so we have poor os with windows and linux ,ubuntu what ever and you have to choose less bad, so annoying.
    hope that someday ,someone get right idea for user friendly os
    and you need no more terminal shit and everything works ,more or less
    this is my pray. :-) have a nice day and so sorry my bad englis writing

    ps NO bluray playback ?jessus !

  3. Don Gateley
    June 23, 2013 at 6:12 pm

    This showed me a perfect reason to avoid Fedora like the plague.

    • Danny Stieben
      July 1, 2013 at 1:20 am

      I don't mind using Fedora, really. It's more directed towards power users, so doing stuff like that is pretty normal.

  4. null
    June 23, 2013 at 12:16 pm

    I don't believe I have ever set my hands on a bluray before, but its quite embarrasing for linux that it took so long to even support bluray and even now not everything works. Marketshare is everything.

    • dragonmouth
      June 23, 2013 at 1:49 pm

      "Marketshare is everything."
      As long as the marketshare is there, quality be damned.

      • Don Gateley
        June 23, 2013 at 6:14 pm

        I understand your choice of a name.

        • dragonmouth
          June 24, 2013 at 12:13 am


  5. Lazza
    June 23, 2013 at 9:47 am

    LOL the usual very funny policies of Fedora. Both of those packages are indeed free and open-source, and they don't include them because they are not considered free software (by who?).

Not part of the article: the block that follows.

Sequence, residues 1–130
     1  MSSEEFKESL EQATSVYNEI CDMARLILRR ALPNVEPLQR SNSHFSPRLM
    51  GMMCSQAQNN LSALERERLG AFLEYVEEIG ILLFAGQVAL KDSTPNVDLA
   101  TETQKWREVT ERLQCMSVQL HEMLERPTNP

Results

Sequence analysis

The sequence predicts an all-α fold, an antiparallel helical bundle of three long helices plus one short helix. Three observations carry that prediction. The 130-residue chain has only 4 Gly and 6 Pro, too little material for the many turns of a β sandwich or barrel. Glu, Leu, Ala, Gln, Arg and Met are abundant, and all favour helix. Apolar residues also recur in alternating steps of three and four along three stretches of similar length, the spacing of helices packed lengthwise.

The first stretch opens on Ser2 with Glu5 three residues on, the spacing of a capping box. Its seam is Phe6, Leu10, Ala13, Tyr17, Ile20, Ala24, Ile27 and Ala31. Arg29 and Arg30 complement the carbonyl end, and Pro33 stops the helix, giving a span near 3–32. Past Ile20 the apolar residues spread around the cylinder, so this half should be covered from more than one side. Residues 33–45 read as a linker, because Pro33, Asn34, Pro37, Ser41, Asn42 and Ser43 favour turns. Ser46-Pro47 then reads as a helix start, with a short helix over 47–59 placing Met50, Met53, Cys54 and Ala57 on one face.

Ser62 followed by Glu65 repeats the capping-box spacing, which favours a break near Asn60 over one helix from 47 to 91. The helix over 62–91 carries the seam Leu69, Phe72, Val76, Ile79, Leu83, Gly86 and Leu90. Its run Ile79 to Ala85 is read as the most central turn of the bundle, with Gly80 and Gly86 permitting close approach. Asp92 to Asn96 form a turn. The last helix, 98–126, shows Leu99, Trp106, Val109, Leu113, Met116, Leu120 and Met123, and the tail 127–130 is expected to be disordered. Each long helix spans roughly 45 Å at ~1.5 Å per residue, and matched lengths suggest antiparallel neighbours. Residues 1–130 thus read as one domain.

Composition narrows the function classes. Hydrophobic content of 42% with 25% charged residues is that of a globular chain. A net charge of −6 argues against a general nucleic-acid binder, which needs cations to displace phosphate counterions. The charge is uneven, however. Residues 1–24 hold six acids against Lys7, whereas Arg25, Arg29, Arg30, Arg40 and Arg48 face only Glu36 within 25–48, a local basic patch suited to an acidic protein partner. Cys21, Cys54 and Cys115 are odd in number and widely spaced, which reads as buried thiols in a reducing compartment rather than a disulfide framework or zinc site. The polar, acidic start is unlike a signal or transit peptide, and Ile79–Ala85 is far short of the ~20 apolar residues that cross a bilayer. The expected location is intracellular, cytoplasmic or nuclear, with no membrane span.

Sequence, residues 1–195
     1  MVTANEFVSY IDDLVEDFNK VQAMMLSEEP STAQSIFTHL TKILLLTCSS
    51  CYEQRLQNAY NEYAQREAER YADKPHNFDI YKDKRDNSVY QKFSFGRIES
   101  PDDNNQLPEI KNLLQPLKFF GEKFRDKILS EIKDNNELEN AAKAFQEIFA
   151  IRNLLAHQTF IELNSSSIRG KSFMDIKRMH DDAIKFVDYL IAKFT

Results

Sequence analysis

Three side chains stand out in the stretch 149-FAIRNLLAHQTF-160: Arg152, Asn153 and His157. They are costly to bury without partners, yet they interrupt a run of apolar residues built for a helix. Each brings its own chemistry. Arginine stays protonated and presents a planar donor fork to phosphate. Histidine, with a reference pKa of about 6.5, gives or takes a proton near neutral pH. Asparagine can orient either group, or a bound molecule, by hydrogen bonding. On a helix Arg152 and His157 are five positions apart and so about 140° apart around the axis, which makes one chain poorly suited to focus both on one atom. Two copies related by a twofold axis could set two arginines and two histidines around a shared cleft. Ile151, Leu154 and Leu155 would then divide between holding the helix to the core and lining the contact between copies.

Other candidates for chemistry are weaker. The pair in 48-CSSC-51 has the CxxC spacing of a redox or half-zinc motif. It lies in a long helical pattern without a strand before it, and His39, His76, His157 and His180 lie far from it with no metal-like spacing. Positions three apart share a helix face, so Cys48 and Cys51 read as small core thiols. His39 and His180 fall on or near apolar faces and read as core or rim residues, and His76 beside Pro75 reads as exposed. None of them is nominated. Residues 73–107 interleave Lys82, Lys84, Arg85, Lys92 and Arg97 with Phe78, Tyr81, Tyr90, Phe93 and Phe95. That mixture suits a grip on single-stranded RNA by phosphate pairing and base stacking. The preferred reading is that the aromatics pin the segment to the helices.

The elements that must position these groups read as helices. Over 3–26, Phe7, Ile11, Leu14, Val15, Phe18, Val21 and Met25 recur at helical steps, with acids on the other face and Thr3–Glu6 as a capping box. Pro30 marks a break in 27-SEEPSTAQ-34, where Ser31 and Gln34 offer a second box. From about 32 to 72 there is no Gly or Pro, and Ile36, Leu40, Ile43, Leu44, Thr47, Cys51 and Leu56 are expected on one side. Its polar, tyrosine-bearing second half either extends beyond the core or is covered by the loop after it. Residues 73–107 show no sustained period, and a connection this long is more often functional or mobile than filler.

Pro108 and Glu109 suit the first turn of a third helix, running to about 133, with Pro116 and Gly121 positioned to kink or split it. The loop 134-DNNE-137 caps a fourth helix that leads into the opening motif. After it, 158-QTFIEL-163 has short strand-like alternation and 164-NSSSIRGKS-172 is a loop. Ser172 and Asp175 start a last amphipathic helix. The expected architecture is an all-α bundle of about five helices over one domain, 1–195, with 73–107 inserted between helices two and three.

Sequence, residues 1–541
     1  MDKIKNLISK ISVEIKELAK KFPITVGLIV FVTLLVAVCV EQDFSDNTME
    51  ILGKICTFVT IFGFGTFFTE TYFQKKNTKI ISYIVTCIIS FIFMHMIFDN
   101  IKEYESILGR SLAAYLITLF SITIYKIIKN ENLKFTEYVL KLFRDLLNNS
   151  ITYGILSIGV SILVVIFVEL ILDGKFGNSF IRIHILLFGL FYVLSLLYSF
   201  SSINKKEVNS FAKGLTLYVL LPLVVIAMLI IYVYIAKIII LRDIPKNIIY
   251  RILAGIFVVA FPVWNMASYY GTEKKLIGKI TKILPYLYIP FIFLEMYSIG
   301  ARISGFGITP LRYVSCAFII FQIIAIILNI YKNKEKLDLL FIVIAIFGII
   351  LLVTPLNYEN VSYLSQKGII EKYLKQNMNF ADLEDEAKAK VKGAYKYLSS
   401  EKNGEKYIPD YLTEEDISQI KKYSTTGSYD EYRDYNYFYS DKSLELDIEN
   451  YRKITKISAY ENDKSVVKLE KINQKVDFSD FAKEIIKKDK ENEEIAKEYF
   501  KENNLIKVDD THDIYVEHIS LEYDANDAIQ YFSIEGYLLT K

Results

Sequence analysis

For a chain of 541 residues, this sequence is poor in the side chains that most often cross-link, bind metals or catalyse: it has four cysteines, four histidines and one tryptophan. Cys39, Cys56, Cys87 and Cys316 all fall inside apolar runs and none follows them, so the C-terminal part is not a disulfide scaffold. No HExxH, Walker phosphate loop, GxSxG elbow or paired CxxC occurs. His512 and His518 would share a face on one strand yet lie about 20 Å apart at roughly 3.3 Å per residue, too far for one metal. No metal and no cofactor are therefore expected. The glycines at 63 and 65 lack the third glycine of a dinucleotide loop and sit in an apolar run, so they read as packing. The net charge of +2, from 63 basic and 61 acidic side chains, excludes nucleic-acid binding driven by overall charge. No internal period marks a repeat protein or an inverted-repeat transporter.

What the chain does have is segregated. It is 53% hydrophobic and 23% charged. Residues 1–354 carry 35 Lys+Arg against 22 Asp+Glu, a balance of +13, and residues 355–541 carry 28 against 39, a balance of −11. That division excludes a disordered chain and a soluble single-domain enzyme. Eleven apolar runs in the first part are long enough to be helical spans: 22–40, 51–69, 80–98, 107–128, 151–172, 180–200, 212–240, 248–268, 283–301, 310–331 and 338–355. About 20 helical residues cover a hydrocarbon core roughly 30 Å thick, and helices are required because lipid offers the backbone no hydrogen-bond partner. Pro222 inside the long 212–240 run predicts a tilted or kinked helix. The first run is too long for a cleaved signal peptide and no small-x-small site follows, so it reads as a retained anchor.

• dragonmouth
      June 24, 2013 at 12:15 am

      "they are not considered free software (by who?)."

      By Free Software Foundation.

      • Lazza
        June 24, 2013 at 9:03 am

        So I guess the FSF considers their LGPL to be "non free" !?

        Or alternatively, I am really missing something. In that case, can you elaborate a little bit more and help me to understand? Thank you.

        • dragonmouth
          June 24, 2013 at 2:05 pm

          To me "free" means I can use it without having to pay for it, "non-free" means I have to reach into my wallet; Linux = free, Windows = non-free.

          As far as I am concerned, the differences between "free" and "non-free" as defined by Richard Stallman and others are purely philosophical.

        • Lazza
          June 24, 2013 at 2:08 pm

          It is NOT about money, it is about freedom. The problem arises because the English language is so "succint" that it doesn't have two different word for different concepts (something you don't pay, and something that does not prevent your freedom).

          There is no philosophy here, but a lot of important consequences in terms of your user (and developer, if it is the case) rights.